P-trap, S-trap disagreement.

Hi Team,

I called out an ‘s-trap’ and the builders plumber re-looked at it. Said it’s actually a p-trap, because the vent is within 5 feet of the weir. I haven’t responded to the client, but the 5 foot rule is a venting rule, and has nothing to do with defining if something is an s or p. Can you help, I might be messed up.

From email: “he insisted that what he’s installed is in fact ‘P’ shaped plumbing”

A B C … P . . S … trap?





Hi Tom,

this came up a couple of years ago, try this thread



Looks to me like that configuration is fine. I have always been taught that if there is 4 or more inches between the upper bends that it will not create a self siphoning effect if the line is vented. he may be right by calling it a “P” trap depending on the measurement of that top bend to where it discharges into the vertical line.

I would still mention it in the report.

Here is another link

Tom…I’d have had some issues with just picture 1 but I think picture 2 clearly shows that this is a p trap…jmho…jim

Disclaimer: We are not code inspectors, whoever expectations of builders of modern homes are expected to meet certain standards. Here in Pa, we have a UCC system which adopted the IBC/IRC standards. This house was built in 2007.

IRC P3201.5 Prohibited trap designs.

P3201.5.3 “S” traps.

There are no exceptions.

thx for your feedbacks.


PS client complained of constant sewer smell from sinks.

I’m with Tom. I call this out as an s-trap.


Looks like a p-trap to me. The horizontal section of pipe appears to be twice the pipe Dia.
PS. I hate those cheap plastic fittings.


It’s not an “S” trap. It’s a “P” trap with a vertical leg, but without additional access, you can’t say for sure that it’s proper.

To be a proper “vertical leg waste fixture drain,” you would need verify the size of the pipes and fittings up to the vent. The pipe size is required to increase at each bend after the first trap-arm.

PVC is much better for traps than stainless.

Stainless steel traps rust out every couple years or so.

Can you help me here, I’ve looked this up, but it seems deleted from the current IRC. What section is this in? IRC 2006?



2003 IRC P3105.3

It appears to have been removed from the 2006 IRC.

Well 2006 is what is in effect here (plus seems hard core against s traps), and the home was built last year. So guessing under current standards, this is not allowed.


My point is that it is not an “S” trap - regardless of which code cycle you reference.

If you believe that the vertical leg is no longer allowed based on your code cycle, that would be a stronger argument.

Here is that reference from the 2006 IRC (bold is mine). . .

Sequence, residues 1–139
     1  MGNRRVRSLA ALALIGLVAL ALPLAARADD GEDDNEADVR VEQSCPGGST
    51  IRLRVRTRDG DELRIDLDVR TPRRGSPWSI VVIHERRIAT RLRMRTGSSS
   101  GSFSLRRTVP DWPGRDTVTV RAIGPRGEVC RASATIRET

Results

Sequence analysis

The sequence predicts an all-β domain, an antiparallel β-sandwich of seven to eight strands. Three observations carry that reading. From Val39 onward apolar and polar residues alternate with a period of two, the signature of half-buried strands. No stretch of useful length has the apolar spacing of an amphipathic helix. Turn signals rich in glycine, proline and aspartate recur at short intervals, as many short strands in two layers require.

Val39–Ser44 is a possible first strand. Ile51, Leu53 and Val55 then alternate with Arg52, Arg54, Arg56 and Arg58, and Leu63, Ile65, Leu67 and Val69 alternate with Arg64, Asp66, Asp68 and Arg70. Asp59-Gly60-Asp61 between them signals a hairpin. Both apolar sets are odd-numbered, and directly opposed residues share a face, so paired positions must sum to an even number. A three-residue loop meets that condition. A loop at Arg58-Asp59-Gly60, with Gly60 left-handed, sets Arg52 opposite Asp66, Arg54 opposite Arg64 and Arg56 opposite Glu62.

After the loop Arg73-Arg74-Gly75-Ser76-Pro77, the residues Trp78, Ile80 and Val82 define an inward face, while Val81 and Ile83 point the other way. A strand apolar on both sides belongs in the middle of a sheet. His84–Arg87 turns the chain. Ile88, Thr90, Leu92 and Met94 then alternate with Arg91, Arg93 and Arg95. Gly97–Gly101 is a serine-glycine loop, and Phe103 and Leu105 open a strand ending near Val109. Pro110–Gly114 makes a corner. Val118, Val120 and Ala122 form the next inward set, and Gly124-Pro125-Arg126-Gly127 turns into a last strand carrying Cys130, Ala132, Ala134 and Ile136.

[FONT=Times-Bold][size=2][FONT=Times-Bold][size=2]P3105.2 Fixture drains. [/size][/FONT][/size][/FONT]
[FONT=Times-Roman][size=2][FONT=Times-Roman][size=2]The total fall in a fixture drain resulting from pipe slope shall not exceed one pipe diameter, **nor shall the vent pipe connection to a fixture [FONT=Times-Roman][size=2][FONT=Times-Roman][size=2][FONT=Times-Roman][size=2]drain, except for water closets, be below the weir of the trap.[/size][/size][/size][/size][/FONT][/FONT][/FONT][/FONT][/size][/FONT][FONT=Times-Roman][size=2]

Was this ever allowed under the UPC. My area is still working off the 91 UPC. It appears that the IRC allowed it for two cycles. If it had not been allowed during those cycles would it then have been considered an s-trap or just a p-trap that is not properly vented.


Re: P3105.2 Fixture drains.

The ‘total’ fall is many times the diameter of the pipe, and significantly below the weir.

The weir is mid-cabinet, while the trap arm goes vertically down to the waste pipe(below the cabinet).


Weir reference:

P.S. thx for pointing out what else it doesn’t meet. I love this forum, and it’s contributors! :smiley:

As far as I know, it has never been allowed by the UPC.

Not to change the subject, but should the plastic water supply tubing be exposed like that at the back of the cabinet. We don’t see that stuff much around here.


I had to go to the ‘big’ pictures and I do see a dimentional change in the piping after the very short arm. Which means it could be functioning as a wet-vent. So I have to figure this might not be a true s trap, but a special combination wet vent drain. So this falls on the shoulders of the plumber who ‘evaluated it’, I called it how I saw it.

Things that are hard to argue with was the seal in the trap wasn’t being maintained, per the clients complaints and what I observed.

Once again, thank you everyone!


What’s the verdict here? Call it out as funny lookin’ and put it on the plumber?

It looks like it would create a siphon and suck the trap dry. It looks like it should have a riser with an air admittance valve.